Cells are poised to respond to their physical environment and to chemical stimuli in terms of collective molecular interactions that are regulated in time and space by the plasma membrane and its connections with the cytoskeleton and intracellular structures. Small molecules may engage specific receptors to initiate a transmembrane signal, and the surrounding system efficiently rearranges to amplify this nanoscale interaction to microscale assemblies, yielding a cellular response that often reaches to longer length scales within the organism. A striking example of signal integration over multiple length scales is the allergic immune response. IgE receptors (FceRI) on mast cells are the gatekeepers of this response, and this system has proven to be a valuable model for investigating receptor-mediated cellular activation. My talk will describe our efforts with quantitative fluorescence microscopy and modeling to investigate the poised, “resting state” of the plasma membrane and how signaling, initiated by an external stimulus and mediated by specific receptors, is regulated and targeted within this milieu.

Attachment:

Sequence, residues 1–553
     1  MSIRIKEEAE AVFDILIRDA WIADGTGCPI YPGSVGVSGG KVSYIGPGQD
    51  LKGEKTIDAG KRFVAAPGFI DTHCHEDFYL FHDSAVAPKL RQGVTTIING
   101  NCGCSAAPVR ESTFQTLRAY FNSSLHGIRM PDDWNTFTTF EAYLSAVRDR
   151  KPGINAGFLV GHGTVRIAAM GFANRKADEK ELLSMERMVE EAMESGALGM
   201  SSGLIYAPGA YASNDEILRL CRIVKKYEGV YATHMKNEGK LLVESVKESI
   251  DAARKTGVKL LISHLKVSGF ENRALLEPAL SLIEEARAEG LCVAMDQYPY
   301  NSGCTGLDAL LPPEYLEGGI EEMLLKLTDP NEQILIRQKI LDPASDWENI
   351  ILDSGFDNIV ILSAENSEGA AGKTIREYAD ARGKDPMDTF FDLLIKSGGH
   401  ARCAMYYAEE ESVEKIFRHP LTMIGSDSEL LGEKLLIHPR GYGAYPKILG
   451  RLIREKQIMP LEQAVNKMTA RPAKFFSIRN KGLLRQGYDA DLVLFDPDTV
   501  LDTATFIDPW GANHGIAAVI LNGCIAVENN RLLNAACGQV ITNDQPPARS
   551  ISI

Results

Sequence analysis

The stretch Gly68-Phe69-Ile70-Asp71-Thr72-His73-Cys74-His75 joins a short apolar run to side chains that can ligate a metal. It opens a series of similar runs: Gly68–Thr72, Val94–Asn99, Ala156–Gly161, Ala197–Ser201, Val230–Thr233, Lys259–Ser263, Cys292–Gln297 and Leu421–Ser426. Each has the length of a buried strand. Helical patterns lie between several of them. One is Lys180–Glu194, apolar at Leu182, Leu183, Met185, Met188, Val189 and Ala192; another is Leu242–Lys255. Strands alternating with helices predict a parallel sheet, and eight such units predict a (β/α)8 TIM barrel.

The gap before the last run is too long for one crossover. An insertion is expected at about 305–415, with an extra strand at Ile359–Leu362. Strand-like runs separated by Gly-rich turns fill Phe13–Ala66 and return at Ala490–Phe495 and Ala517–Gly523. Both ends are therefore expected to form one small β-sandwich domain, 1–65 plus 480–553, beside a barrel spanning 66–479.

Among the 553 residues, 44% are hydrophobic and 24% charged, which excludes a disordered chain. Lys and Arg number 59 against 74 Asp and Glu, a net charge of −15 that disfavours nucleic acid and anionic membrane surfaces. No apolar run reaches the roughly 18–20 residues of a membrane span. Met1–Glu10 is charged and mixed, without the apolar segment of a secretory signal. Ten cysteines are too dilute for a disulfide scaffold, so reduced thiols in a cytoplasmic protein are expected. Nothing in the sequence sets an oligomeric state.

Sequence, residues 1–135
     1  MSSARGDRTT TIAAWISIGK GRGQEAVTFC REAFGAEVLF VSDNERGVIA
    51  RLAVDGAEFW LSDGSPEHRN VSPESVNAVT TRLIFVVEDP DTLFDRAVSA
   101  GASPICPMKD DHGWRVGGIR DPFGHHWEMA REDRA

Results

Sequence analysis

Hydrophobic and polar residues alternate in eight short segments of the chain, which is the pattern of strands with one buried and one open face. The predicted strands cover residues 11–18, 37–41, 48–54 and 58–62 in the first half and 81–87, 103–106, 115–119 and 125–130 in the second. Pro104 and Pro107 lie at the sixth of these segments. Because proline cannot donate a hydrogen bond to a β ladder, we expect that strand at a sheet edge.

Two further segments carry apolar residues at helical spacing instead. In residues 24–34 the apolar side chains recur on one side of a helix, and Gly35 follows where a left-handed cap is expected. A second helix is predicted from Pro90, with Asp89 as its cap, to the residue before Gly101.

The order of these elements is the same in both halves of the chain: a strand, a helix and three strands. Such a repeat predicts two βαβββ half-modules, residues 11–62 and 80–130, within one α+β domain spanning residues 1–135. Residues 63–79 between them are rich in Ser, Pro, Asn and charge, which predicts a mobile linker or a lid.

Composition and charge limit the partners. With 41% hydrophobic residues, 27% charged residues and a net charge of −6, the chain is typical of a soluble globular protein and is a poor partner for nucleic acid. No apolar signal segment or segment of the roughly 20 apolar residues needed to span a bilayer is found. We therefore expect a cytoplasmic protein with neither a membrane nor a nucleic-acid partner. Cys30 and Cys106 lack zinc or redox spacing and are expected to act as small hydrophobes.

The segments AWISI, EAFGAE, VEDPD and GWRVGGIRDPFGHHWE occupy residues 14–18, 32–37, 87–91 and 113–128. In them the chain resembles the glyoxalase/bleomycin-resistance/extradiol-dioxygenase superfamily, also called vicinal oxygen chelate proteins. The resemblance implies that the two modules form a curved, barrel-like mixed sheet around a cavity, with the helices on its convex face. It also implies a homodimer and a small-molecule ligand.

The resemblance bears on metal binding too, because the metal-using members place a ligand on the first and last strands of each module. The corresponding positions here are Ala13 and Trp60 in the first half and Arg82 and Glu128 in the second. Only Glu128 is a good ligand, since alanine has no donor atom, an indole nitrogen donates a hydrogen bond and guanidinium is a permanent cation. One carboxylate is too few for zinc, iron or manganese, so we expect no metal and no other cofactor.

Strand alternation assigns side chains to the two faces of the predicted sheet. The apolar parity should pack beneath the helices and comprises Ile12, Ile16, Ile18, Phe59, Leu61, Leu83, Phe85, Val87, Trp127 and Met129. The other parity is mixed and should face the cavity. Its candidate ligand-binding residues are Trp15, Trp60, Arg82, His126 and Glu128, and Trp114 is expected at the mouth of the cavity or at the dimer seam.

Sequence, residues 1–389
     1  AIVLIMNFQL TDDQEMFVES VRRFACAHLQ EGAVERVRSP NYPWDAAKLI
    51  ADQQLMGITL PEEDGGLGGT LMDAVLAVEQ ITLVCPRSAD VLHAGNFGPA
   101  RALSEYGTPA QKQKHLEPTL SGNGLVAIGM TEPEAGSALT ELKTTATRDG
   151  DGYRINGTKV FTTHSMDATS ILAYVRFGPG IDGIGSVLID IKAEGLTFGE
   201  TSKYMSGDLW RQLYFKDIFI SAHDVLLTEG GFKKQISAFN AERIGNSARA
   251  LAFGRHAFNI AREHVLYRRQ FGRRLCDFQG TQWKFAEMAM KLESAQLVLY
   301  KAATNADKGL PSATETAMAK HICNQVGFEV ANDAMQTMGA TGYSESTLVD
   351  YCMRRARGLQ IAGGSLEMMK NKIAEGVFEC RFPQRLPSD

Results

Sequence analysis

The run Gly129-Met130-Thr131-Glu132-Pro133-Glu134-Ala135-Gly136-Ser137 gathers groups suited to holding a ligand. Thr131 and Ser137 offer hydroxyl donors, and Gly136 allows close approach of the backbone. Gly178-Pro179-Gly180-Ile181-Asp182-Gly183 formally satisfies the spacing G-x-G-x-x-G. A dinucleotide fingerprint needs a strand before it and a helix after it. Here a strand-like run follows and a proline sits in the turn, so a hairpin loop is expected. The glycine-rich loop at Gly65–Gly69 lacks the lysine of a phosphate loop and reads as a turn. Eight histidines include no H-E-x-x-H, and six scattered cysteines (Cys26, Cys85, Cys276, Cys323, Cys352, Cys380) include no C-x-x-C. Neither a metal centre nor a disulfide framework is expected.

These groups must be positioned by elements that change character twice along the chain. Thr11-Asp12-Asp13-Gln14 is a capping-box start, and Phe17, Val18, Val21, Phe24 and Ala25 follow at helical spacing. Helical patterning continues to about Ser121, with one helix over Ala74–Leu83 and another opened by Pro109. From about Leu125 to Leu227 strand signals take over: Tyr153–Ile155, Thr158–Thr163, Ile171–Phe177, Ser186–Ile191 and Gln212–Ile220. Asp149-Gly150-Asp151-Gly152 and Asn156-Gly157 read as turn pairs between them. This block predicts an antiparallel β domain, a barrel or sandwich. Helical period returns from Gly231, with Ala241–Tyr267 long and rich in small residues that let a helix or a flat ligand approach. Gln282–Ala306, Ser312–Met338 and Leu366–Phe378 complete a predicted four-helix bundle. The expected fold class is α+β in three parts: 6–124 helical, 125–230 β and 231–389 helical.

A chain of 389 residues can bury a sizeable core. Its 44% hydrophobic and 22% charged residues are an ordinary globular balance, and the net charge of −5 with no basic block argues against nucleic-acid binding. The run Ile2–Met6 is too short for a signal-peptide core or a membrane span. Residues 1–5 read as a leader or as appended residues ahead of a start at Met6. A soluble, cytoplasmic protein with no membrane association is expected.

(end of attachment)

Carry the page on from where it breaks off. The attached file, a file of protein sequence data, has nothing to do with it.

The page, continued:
How does the Plasma Membrane Participate in Receptor-Mediated Cell Signaling?
Time and Location:
3:30 PM | Mechanical Engineering Building (MEC) Rm 205
Friday, November 16, 2018
Professor Barbara Baird
Professor Andreas Gahlmann